For more information on events surrounding Mr McNeil’s death and subsequent lack of transparency from the National City Police Department and Government, please see this timeline.

2018-2019 ACT-SO Kickoff

Forget sportsball—on September 22nd, ACT-SO is back!

ACT-SO is the NAACP’s academic enrichment program and competition for African-American high school students.  Last year, the NAACP San Diego gave out $1400 in scholarships and one all-expense paid trip to the National ACT-SO competition in San Antonio, Texas.  This year will be even better!

COMPETITORS • MENTORS • JUDGES • VOLUNTEERS • SPONSORS

Come to the Jackie Robinson YMCA on the evening of September 22nd. We’ll feed you, entertain you and let you in on this fantastic opportunity!

Sign up now via Eventbrite:

bit.ly/actso-kickoff-2019

 

Timeline of Events Regarding the Death of Mr Earl McNeil

We of the NAACP San Diego continue to demand all relevant information and video recordings to be released to the McNeil family.  We are glad to add our voices to those of Ms Tasha Williamson and other community members who are demanding transparency on the part of the National City Government.

With the gracious assistance of Ms Williamson, we offer the following timeline of events, so that you can better understand the evolving situation in National City.

Please note: at the end of this timeline, there are several events listed in which you may participate if you are as outraged about the treatment of Mr McNeil, his family and members of our community as are we.

Timeline of Events Involving Mr Earl McNeil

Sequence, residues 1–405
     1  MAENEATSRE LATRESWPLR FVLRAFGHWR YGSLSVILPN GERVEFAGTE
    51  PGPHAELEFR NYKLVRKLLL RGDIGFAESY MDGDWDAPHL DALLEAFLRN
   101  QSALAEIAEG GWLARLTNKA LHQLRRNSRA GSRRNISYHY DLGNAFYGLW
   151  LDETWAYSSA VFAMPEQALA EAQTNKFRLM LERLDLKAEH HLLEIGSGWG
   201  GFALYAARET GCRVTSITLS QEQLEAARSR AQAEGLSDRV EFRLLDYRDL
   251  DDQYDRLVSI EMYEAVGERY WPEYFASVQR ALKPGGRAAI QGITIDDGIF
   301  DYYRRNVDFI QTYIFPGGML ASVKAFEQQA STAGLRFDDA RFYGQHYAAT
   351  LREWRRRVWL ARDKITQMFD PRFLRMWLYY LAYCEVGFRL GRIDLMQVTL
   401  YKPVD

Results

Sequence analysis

May 26th, 5:36am
Mr McNeil calls for assistance using the emergency phone outside the National City Police Department. Mr McNeil is detained and placed in a restraint device called “the wrap.” He is detained in the lower level parking garage of NCPD Station for an indeterminate length of time.

May 26th
San Diego County Jail refuses to accept Mr McNeil, citing unconsciousness.

May 26th
Mr McNeil is admitted to UCSD Medical Center Trauma Care Unit with massive brain and neurological damage, as well as facial abrasions and swelling.

May 26th
Mr McNeil’s family is contacted by NCPD and told Mr. McNeil had a heart attack while restrained in a hogtie position.

May 28th
Mr McNeil’s family goes to NCPD to ask questions and get police report. They are told Mr. McNeil was not under arrest and there are no reports to give them.  Detective states “Look, your cousin spit on my officers and they are upset and want to know if he has AIDS or Hep A.”

June 1st
Mr McNeil’s family posts to Facebook seeking assistance. Other users refer them to Tasha Williamson and Aeiramique Meeka.

June 3rd
Mr McNeil’s family holds joint press conference with Ms Williamson and Ms Meeka at the steps of the San Diego Hall of Justice.

June 4th
Mr McNeil’s family, after conferring with Mr McNeil’s physicians, decide to withdraw life support on June 7th.

June 5th
Mr McNeil’s family seeks legal counsel from Francisco Aldana and Mark Lane.

June 7th, 11:00am
Mr McNeil’s family, supported by Ms Williamson, Building Justice, CAST, Generation Justice, Justice 4SD33, SURJ, Women Occupy San Diego, Racial Justice Coalition of San Diego, CAIR and other community members hold a press conference across from the UCSD Medical Center, demanding an accurate account of Mr McNeil’s hours in custody, and release of all video recordings by the National City Police Department and the San Diego County Sheriff’s Department.

June 7th, 4:30pm
NCPD makes first public statement regarding the fatal in-custody injuries of Mr McNeil.

June 7th, 5:30pm
UCSD Medical Center staff withdraw life support from Mr McNeil. Mr McNeil shows signs of distress, and is sedated to preclude the posssibility of suffering. Mr McNeil’s family and community members keep vigil over Mr McNeil.

June 11th
Mr McNeil dies.

June 13th
Community members and organizations supporting Mr McNeil’s family holds press conference in front of National City Police Department, again demanding an accurate account of Mr McNeil’s detention and release of all video that might shed light on his injuries.